I love this genre of movies, the coming-of-age or the summer/year/vacation/whatever that changed your life. A few months ago I caught up to The Way Way Back, which was terrific and immediately went on my list of favorites of the genre. Now I've caught up to this movie and it goes right alongside as a favorite too.
Charlie is an incoming freshman at a Pittsburgh, PA high school. Shy, awkward, and with a history of mental illness. Charlie finds it hard to make friends. English teacher Mr. Anderson (an extremely warm and mentor-y Paul Rudd) asks questions to the class with no response, but sees Charlie writing down the answers in his notebook, even as he steadfastly refuses to draw attention to himself by raising his hand. Mr. Anderson, instead of pushing the kid to speak up, instead takes him under his wing by giving Charlie all the books that will change his life. Charlie also begins to grow when he has just enough courage to reach out to befriend Patrick, and thereby introducing himself to the beautiful Sam, Patrick's step-sister and the rest of their motley crew of friends. Or, as Sam tells Charlie when they're at their first party "Welcome to the island of misfit toys."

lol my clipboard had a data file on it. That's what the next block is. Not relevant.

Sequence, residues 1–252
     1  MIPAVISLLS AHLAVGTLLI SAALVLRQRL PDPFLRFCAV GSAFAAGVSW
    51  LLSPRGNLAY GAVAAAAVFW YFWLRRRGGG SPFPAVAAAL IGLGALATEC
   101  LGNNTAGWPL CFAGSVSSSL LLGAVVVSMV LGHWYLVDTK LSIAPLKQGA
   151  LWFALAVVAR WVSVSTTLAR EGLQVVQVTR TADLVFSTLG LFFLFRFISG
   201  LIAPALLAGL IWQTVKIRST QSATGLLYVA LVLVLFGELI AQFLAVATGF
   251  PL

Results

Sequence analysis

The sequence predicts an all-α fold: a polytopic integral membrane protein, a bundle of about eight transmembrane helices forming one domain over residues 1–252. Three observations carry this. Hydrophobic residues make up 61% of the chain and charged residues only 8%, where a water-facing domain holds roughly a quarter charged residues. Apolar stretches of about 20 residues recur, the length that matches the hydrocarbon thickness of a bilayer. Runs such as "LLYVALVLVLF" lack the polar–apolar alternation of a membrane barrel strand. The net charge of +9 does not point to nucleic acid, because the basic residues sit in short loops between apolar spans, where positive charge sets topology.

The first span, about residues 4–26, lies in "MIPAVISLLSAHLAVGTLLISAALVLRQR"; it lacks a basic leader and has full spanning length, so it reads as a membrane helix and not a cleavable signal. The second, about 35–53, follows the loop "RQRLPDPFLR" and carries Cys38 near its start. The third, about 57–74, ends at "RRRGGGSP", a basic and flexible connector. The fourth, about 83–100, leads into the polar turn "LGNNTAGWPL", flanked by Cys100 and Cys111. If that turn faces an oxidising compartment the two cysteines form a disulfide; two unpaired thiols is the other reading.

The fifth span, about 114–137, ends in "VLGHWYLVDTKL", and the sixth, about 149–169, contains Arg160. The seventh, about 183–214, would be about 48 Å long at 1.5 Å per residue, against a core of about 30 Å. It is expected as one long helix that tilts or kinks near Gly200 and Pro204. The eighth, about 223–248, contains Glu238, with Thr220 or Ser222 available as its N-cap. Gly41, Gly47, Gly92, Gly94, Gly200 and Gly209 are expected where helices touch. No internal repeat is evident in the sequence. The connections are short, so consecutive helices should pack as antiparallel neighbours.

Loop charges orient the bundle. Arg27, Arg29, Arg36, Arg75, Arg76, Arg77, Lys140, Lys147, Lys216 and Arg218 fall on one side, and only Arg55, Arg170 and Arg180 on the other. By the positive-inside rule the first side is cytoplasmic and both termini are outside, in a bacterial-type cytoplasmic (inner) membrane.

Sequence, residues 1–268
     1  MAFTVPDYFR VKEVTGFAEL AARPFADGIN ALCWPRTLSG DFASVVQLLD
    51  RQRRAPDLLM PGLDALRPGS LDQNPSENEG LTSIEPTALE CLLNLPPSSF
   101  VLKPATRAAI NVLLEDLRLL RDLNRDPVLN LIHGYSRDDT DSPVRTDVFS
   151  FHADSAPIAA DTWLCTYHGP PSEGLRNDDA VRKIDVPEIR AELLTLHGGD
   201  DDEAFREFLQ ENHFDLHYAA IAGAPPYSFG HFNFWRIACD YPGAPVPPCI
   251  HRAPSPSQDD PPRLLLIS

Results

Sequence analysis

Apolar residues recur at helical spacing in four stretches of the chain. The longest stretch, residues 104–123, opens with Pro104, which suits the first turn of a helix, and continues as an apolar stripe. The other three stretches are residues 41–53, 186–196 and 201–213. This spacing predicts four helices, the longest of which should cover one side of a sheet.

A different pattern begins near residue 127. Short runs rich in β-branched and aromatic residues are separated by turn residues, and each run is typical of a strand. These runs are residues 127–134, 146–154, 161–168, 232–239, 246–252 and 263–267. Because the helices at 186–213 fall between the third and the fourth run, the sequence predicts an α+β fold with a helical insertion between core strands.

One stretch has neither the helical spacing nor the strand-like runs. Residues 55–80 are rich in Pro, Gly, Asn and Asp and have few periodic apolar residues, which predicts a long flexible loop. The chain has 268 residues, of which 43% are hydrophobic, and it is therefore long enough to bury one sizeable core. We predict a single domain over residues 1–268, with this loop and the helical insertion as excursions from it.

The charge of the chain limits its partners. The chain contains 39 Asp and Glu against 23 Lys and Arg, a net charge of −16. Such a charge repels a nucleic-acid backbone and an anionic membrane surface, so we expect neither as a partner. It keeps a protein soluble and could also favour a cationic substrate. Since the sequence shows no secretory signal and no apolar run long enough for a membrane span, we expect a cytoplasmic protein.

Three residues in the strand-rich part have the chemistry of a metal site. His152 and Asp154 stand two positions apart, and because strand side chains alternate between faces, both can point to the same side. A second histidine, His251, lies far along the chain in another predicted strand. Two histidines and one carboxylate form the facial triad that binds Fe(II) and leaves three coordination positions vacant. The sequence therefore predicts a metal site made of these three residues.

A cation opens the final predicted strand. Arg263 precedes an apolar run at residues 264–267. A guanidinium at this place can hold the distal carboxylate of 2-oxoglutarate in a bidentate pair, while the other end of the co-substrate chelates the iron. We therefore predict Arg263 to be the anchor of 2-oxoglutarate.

Emma Watson is luminous as Sam, I didn't question the accent for a minute, and although she's pretty, she's not too pretty to believe the character as being a real high school kid. Ezra Miller is tremendous as Patrick, being conflicted and extroverted and (as the movie states) trying to numb himself from all the pain he's feeling. And Logan Lerman, who I don't think I'd seen in anything before, was really good as Charlie, our "crazy" hero. They felt like real friends on the screen and it was a great feeling to watch.
I was surprised by how cinematic I thought it was, since it was directed by the novel's author, Stephen Chbosky, but it made more sense when I found out he'd gone to film school and graduated as a screenwriter before his career as a writer in print. The book is apparently told through a series of letters from Charlie to an unknown person, and I liked the way Chbosky adapted that to the screen, using that device as a narration to let us into Charlie's head.
A wonderful movie all around and one that I'm sure I'll watch again soon.